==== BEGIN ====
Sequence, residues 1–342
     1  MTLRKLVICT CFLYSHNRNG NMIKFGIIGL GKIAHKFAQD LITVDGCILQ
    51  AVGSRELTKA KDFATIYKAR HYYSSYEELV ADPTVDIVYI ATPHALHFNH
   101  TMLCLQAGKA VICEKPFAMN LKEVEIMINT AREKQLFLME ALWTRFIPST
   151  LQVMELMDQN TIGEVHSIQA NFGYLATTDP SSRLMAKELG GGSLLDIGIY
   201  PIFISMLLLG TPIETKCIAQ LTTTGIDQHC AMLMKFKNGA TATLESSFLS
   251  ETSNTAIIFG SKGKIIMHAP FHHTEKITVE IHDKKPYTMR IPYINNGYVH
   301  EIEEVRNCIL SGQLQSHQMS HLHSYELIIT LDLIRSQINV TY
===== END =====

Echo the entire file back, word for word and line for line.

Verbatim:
Sequence, residues 1–342
     1  MTLRKLVICT CFLYSHNRNG NMIKFGIIGL GKIAHKFAQD LITVDGCILQ
    51  AVGSRELTKA KDFATIYKAR HYYSSYEELV ADPTVDIVYI ATPHALHFNH
   101  TMLCLQAGKA VICEKPFAMN LKEVEIMINT AREKQLFLME ALWTRFIPST
   151  LQVMELMDQN TIGEVHSIQA NFGYLATTDP SSRLMAKELG GGSLLDIGIY
   201  PIFISMLLLG TPIETKCIAQ LTTTGIDQHC AMLMKFKNGA TATLESSFLS
   251  ETSNTAIIFG SKGKIIMHAP FHHTEKITVE IHDKKPYTMR IPYINNGYVH
   301  EIEEVRNCIL SGQLQSHQMS HLHSYELIIT LDLIRSQINV TY